Grill Your Way To A Healthier Life
Contributed by: NAPSA
(NAPSA) - Warm weather means pool parties, family gatherings and, of course, backyard cookouts! The best part about grilling, besides the juicy burgers, flavorful kabobs and mouthwatering steaks, is that it's a healthy cooking method!
Providing generations of Americans with countless backyard memories, the grill can merge a low-fat diet into an essential part of any healthy lifestyle.
In fact, 29 cuts of beef meet government guidelines for lean, so the grilling possibilities are endless. Some of America's favorite lean cuts include tenderloin, T-bone steak and 95 percent lean ground beef-perfect for those juicy burgers.
Grill master Russell Woodward encourages Texans to get healthier this summer by enjoying the low-fat benefits that grilling provides. Follow the helpful tips below to grill your steaks and burgers to perfection:
Choose The Right Cut
The more-tender cuts-porterhouse/T-Bone, top loin, tenderloin, ribeye, rib, top sirloin, chuck eye and chuck top blade-are all ideal candidates for the grill and require only your favorite seasonings or rubs to boost the flavor.
- Rubs are a blend of seasonings, such as fresh or dried herbs and spices. They are used only to add flavor, not to tenderize.
Apply rubs to the surface of uncooked steaks and ground beef patties just before grilling.
Less-tender cuts such as flank, skirt, top round and chuck shoulder steaks should be marinated for at least six hours or as long as overnight in a mixture containing a food acid or tenderizing enzyme.
- Always marinate in the refrigerator, never at room temperature.
- Marinating longer than 24 hours can leave a soft surface texture.
- Never save and reuse a marinade. If a marinade is to be used later for basting or served as a sauce, reserve a portion of it before adding the beef.
- Allow 1/4 to 1/2 cup marinade for each 1 to 2 lbs. of beef.
- Marinate in a food-safe plastic bag or nonreactive container such as a glass utility dish.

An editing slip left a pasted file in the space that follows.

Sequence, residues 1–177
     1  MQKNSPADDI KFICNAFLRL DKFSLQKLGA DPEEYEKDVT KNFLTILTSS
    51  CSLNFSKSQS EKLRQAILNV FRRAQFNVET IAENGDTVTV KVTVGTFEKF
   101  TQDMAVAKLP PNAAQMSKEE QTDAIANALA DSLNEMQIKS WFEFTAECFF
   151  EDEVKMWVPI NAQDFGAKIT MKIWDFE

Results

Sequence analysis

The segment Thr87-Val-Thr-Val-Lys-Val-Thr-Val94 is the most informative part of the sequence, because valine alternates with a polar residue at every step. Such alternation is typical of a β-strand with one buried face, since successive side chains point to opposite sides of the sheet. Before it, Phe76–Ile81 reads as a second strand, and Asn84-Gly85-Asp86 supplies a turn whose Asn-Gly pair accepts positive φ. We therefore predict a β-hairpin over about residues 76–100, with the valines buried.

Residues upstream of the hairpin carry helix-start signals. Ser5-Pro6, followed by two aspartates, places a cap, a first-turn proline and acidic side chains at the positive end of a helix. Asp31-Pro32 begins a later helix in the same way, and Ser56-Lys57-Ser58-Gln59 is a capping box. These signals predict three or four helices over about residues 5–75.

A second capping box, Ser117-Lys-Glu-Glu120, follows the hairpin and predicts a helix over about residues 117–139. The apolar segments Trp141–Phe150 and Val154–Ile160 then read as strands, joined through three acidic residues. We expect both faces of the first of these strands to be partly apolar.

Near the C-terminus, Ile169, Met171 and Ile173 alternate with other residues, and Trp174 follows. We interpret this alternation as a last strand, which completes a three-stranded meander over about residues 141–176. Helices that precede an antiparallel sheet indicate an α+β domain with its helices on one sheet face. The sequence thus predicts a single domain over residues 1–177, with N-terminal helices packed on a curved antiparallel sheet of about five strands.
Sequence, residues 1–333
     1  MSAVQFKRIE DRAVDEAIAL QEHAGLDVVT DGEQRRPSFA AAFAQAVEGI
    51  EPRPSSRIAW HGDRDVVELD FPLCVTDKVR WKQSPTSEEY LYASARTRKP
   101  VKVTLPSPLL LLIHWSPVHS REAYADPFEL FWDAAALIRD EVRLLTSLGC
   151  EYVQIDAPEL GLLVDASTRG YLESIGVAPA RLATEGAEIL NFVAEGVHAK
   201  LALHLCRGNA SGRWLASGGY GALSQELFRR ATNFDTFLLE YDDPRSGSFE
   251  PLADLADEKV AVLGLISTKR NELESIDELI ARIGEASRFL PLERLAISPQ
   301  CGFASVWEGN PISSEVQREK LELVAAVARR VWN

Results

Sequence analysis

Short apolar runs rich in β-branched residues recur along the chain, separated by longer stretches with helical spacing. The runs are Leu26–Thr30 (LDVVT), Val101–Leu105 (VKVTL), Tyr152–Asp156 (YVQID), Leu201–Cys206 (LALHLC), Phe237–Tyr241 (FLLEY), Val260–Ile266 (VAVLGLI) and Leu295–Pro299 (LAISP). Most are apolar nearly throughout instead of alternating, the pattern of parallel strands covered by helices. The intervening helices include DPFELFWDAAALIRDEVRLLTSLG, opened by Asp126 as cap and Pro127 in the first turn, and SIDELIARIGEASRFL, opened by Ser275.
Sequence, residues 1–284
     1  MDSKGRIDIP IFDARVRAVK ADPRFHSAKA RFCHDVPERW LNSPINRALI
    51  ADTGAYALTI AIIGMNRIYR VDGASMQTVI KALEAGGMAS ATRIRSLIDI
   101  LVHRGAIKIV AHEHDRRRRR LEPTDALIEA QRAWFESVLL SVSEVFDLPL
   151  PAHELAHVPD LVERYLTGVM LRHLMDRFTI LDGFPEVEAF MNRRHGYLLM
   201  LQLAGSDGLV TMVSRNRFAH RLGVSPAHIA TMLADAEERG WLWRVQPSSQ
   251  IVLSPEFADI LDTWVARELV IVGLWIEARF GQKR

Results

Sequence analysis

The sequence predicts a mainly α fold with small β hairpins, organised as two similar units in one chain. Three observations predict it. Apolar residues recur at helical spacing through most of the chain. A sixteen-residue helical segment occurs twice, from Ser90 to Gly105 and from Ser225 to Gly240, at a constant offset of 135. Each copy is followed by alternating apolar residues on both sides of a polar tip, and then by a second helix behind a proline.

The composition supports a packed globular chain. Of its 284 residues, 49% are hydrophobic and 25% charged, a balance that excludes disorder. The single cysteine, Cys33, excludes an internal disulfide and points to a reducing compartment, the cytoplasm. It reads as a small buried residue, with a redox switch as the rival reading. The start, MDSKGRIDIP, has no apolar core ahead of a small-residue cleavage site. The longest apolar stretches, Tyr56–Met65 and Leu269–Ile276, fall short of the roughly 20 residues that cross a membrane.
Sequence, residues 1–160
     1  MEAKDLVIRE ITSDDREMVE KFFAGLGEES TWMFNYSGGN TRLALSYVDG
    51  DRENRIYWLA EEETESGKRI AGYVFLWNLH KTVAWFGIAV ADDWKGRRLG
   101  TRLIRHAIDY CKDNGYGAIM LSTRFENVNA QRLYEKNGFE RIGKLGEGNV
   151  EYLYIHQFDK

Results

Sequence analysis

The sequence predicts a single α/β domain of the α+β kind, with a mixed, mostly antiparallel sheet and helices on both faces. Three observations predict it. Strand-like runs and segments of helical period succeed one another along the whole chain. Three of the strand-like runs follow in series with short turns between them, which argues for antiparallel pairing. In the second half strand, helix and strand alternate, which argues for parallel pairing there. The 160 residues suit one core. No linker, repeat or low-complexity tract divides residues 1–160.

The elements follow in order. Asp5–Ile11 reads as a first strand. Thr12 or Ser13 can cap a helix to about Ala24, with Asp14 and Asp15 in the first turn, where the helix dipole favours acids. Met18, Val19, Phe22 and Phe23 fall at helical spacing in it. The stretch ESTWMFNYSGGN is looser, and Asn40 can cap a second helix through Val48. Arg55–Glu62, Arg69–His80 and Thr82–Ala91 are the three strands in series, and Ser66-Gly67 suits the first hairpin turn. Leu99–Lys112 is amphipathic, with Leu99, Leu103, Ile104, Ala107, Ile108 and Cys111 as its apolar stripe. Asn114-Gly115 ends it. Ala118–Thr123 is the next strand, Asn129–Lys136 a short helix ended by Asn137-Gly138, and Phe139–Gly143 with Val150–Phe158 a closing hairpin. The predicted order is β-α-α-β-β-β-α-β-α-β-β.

Three Easy Steps To Grilling Beef
- Prepare charcoal for grilling. When coals are medium, ash-covered (about 30 minutes), spread in single layer and check cooking temperature. Position cooking grid over coals. (To check temperature, use a grill surface thermometer or cautiously hold the palm of your hand above the coals at cooking height. Count the number of seconds you can hold your hand in that position before the heat forces you to pull it away; four seconds equals medium heat.)
- Season beef straight from the refrigerator, with herbs or spices as desired. Place on cooking grid directly over coals.
- Grill to desired doneness using a thermometer. Cook burgers to at least 160 F (medium doneness) and cook steaks to at least 145 F (medium-rare doneness). Allow steaks to rest a few minutes before slicing or serving to reduce the loss of flavorful juices.
Tips To Master The Grill
- Grilling at medium to medium-low temperatures-about 400 F-ensures even cooking. If the temperature is too high, beef can char and become overcooked on the outside before the interior reaches the desired doneness. Charring beef is not recommended.
- Trim excess fat from meats to avoid flare-ups while grilling.
- Use long-handled tongs for turning steaks; spatulas for burgers. A fork will pierce the beef causing a loss of flavorful juices.
- For best results, use an instant-read thermometer to determine doneness. For steaks and burgers, insert the thermometer horizontally into the side (not the top) to check the internal temperature.
The delicious flavor and irresistible aroma of grilled steaks and burgers are perfect any time. Follow these simple steps and you'll be grilling like a pro for those holiday parties or even a simple weeknight dinner!